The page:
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michaelb
02-25-2009, 06:07 PM
I've traditionally been a RAW shooter, but recently I've been shooting more jpegs and it got me to thinking - does it really matter? (other than easier WB adjustment)

So I decided to do a little testing...








5D, ISO 1600, 100% crop...
In-camera jpeg on top, RAW on bottow converted in jpeg in DPP with NR...(same settings in terms of sharpness, etc)...
http://brownphotography.smugmug.com/photos/480256683_aoPUc-S.jpg






Here's another one, this time with the 40D....

40D, ISO 1600, 100% crop...(in-camera high ISO NR turned on - I got similar results with NR off)...
In camera jpeg on top, RAW on bottom converted in DPP to jpeg with NR...
http://brownphotography.smugmug.com/photos/480850215_Dpz55-L.jpg





Same thing, in-camera jpeg on left, RAW on right....
http://brownphotography.smugmug.com/photos/480850213_c2AEx-S.jpg


The difference in these files was much more than I would have expected. They were at high ISO though and I haven't done any low ISO comparisons yet, but I think I'm back to shooting RAW for most things. ;)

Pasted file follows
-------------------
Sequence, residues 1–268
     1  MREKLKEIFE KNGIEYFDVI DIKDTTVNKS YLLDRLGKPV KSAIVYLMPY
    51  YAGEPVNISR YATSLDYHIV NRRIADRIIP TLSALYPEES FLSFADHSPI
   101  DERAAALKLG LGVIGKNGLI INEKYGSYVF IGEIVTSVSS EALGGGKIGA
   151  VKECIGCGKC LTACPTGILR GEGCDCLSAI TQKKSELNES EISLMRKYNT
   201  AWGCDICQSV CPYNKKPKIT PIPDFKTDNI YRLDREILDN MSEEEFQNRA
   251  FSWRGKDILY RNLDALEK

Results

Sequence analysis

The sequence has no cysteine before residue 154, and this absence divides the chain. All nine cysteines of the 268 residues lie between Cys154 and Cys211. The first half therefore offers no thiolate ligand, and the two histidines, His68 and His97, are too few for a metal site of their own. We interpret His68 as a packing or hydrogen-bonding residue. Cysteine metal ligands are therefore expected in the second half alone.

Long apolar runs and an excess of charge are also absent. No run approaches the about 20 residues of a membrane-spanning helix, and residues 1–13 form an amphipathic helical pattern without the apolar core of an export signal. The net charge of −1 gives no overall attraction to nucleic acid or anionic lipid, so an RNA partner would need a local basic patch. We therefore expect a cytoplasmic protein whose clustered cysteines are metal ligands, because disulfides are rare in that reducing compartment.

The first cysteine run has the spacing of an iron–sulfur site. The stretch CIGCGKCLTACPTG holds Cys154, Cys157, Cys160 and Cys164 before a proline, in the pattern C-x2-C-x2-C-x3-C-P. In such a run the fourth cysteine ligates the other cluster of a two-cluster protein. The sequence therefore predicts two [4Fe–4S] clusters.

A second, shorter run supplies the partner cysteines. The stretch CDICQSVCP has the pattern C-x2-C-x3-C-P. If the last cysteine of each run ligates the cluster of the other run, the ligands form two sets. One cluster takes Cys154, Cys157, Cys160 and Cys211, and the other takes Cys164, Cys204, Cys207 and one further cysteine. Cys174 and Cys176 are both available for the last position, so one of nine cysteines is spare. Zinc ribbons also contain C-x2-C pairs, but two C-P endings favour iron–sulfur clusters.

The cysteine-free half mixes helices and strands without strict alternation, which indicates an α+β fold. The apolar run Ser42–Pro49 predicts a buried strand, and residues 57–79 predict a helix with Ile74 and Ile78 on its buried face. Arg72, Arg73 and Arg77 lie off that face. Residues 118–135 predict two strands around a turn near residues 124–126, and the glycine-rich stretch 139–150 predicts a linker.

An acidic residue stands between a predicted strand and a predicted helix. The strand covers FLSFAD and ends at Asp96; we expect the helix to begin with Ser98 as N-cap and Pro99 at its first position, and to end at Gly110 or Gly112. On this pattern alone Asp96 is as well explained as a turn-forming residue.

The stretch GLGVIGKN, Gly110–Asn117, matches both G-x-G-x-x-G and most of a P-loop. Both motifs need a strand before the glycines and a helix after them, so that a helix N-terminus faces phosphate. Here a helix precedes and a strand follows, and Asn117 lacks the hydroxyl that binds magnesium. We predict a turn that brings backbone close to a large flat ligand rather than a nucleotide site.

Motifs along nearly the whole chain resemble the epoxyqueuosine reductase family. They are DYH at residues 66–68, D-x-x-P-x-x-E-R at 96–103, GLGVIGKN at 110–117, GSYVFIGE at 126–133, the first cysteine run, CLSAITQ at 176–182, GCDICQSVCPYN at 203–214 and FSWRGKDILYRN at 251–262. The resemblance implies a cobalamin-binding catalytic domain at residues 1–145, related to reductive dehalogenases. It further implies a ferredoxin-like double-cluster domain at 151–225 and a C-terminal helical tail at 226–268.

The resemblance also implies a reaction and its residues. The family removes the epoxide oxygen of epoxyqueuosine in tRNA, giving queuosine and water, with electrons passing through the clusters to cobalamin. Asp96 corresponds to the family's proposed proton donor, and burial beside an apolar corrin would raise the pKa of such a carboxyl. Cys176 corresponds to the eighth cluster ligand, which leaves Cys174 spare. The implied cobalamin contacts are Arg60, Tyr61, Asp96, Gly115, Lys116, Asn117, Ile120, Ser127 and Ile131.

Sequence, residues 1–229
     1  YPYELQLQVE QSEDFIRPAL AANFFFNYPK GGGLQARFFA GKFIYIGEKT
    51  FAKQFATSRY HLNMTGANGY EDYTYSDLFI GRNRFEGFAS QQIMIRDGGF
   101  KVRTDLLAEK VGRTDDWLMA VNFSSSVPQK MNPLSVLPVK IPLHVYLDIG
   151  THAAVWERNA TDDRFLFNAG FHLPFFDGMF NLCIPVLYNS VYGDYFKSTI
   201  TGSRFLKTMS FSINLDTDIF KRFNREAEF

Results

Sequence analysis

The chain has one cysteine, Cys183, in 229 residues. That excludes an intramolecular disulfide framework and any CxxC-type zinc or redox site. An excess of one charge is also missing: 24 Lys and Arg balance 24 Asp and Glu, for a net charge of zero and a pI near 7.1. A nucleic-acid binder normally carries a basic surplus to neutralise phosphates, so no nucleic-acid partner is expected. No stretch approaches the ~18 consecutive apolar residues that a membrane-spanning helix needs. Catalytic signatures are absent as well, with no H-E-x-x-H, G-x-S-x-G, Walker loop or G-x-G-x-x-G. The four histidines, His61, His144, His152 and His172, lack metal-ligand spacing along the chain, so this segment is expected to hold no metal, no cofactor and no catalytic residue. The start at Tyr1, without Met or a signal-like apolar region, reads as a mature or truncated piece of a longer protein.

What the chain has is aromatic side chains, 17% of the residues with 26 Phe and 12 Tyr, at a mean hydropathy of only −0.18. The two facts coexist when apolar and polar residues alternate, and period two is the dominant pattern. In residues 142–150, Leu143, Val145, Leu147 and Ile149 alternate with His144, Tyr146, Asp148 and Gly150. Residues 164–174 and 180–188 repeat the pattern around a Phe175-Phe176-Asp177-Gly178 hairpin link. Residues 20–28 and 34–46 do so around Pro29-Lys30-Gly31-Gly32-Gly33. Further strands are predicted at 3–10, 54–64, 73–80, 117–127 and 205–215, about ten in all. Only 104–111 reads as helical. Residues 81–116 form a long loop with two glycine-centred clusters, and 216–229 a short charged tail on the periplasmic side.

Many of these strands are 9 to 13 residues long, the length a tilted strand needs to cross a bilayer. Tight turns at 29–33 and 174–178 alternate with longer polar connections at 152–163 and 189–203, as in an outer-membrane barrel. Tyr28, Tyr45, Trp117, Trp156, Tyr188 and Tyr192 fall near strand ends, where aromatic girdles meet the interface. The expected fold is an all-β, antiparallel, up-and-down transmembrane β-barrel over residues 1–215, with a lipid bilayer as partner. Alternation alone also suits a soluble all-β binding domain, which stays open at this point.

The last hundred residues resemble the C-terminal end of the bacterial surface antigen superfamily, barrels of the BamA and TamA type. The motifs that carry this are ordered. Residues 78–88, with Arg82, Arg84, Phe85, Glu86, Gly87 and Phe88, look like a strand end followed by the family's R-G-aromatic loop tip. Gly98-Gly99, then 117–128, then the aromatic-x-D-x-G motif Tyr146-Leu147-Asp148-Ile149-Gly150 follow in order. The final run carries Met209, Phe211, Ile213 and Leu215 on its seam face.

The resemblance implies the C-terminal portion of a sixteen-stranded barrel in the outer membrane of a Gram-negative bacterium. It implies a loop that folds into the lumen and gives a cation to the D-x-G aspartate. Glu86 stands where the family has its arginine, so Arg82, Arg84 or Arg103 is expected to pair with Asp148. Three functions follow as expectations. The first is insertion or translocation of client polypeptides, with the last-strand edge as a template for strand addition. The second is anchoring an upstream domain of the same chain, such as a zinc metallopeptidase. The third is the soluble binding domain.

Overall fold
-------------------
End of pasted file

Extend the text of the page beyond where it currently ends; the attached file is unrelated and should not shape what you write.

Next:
Rhys
02-25-2009, 06:12 PM
Now you know why I went RAW - the sharpness, contrast and saturation are so much better.

Now if camera manufacturers had stopped messing about with JPEG and used JPEG2000 then the shoe might well be on the other foot.

Rooz
02-25-2009, 06:36 PM
you can tailor raw exactly to your liking which is the benefit. the issue is that the image is being processed and the processing may not be to your liking.

try recovering shadows and highlights from a jpeg compared to raw and then you really get a "wow" factor.

timmciglobal
02-25-2009, 09:21 PM
I think RAW is the new "dark room" so to say that part of my enjoyment of RAW isn't so much that it produces the best technical image from the source data, which it often does, but that it is the second part of the photography process for me.

Tim

cdifoto
02-25-2009, 10:54 PM